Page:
So speaking with Gabe Gottlieb, co-founder and CEO of Adomic, was a tremendous relief. Gottlieb’s recently rebranded company (it was called YieldMetrics, until last month) is dedicated to “opening up the black box” of digital advertising and delivering transparency to all players. According to Gottlieb, premium publishers really are offering up their unsold inventory via RTB. “They may not admit it,” he said, “but they’re doing it. Why wouldn’t they, rather than leaving it unsold?” According to Adomic’s data, on average 20% of the top 3,000 publishers’ inventory is going to RTB – across the top tier and all the way through the long tail.
Gottlieb used the example of NBCsports.com as a prototypical publisher in the space, with inventory divided up in proportions similar to other top 3,000 publishers: 43% of ads are sold via a network (Google’s, in this case), 33% are sold directly and 23% are sold via RTB (using AdMeld). Sites like MarthaStewartWeddings.com, Genealogy.com and TheNewsTribune.com see a similar breakdown in terms of sales channels.
You might be wondering how the heck Adomic is getting such granular information. They’ve created a patent-pending technology they call PathSource™, which essentially sends crawlers across thousands of top sites to scan and analyze advertising data. Per Gottlieb, that data set – which grows on a daily basis - currently includes 15,000 advertisers, 3,800 publishers, over 120 ad services and more than 1.5 million creative executions.
Gottlieb said brands are adopting RTB quickly, too – despite all the myths.
In his recent presentation at OMMA RTB, Gottlieb shared that while only 17% of ads were placed programmatically less than a year ago, 23% of them are today. Furthermore, 23% of ads run by the top 1,000 are placed via RTB, and 70% of all advertisers have programmatic buys in their media plans today. Brands like Audi and Adobe are actively engaged. Adobe is buying 26% of its ads via RTB, and 33% through networks. The remainder is bought directly.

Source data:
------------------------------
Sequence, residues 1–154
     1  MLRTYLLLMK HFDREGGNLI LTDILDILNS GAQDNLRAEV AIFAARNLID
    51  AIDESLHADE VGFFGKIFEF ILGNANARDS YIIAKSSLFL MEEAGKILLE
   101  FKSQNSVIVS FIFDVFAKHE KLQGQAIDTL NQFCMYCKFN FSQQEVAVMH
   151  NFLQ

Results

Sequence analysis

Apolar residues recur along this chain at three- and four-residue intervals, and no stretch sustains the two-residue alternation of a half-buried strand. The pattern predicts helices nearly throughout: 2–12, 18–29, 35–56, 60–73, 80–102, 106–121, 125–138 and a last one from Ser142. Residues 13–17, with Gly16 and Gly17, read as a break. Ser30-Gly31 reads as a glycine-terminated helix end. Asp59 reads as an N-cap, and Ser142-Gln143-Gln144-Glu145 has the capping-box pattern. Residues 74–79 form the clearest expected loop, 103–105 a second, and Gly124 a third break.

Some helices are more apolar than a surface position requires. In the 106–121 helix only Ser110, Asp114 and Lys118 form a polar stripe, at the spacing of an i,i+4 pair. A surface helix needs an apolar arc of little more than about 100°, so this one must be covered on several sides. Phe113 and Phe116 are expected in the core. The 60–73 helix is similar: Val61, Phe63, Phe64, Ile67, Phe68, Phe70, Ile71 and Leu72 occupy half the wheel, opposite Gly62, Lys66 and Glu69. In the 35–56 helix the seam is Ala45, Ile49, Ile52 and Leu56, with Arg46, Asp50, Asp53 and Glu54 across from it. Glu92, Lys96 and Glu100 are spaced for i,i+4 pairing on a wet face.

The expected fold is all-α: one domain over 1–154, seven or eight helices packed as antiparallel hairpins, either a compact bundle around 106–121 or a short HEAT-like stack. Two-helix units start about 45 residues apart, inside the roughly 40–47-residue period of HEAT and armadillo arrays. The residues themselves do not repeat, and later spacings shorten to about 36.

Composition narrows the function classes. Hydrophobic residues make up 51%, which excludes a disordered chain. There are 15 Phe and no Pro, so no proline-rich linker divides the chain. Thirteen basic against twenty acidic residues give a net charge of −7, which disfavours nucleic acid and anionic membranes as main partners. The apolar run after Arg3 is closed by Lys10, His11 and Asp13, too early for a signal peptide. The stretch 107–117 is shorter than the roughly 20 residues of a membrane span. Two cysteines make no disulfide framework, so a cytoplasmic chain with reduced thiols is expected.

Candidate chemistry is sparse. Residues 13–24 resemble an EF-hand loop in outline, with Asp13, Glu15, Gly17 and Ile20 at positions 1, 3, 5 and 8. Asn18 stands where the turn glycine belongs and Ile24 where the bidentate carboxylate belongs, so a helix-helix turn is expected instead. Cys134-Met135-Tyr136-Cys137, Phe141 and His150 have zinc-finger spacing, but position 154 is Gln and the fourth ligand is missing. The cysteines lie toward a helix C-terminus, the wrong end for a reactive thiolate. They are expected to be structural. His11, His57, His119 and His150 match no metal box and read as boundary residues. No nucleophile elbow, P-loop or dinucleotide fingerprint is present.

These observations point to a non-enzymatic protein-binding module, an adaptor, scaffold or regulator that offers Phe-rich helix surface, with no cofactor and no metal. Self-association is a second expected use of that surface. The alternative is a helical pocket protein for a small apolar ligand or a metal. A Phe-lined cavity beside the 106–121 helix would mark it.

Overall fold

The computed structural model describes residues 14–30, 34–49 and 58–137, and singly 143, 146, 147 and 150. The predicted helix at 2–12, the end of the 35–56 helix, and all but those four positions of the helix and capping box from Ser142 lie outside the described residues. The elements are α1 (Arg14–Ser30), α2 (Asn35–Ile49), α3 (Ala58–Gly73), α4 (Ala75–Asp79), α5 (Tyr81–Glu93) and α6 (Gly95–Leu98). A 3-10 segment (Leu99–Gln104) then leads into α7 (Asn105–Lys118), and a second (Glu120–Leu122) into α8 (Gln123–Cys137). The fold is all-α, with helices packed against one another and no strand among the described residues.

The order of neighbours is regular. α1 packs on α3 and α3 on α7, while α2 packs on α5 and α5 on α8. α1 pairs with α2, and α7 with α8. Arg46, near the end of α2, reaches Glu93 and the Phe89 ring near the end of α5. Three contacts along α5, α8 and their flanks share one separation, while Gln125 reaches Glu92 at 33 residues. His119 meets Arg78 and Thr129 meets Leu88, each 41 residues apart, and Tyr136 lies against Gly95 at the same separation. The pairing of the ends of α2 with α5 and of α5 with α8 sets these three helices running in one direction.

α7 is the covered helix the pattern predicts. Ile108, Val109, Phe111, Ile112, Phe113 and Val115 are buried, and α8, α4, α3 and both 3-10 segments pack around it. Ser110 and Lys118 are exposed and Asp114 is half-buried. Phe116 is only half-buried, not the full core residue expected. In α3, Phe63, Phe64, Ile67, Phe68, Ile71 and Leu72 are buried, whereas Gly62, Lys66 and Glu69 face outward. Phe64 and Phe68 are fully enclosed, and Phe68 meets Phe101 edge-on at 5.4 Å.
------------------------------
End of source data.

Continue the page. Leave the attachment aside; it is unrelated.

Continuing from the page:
One interesting (if disheartening) trend that Gottlieb noticed is that the vast majority of ads placed real-time are still direct-response – including ads for big brands. Even BMW is driving clicks to landing pages with its real-time ads, with calls-to-action like, “Build Yours Now.”
“We’re still seeing advertisers concentrating their RTB budgets on lower funnel and more transactional goals, while reserving their brand spending for traditional direct channels,” said Gottlieb. Most of the inventory bought and sold via RTB consists of IAB legacy banners and buttons – and that may be partially responsible. Still, Gottlieb noted, “If it works for direct response, it will work for brands. The reverse may not be true, but direct-response marketers have a lot more accountability than brand marketers do. RTB is obviously working for them, so there’s no reason in the world brands should feel that RTB is a risky investment.”
I can’t wait to see what happens as richer ad units start to enter the real-time market. When the Rising Stars and other, more brand-friendly units become more widely available in RTB, I’m optimistic that we’ll see more brand advertisers on board, engaging in true upper-funnel brand advertising. Between that and Adomic’s call for transparency, RTB could be a much brand-friendlier place in the very near future.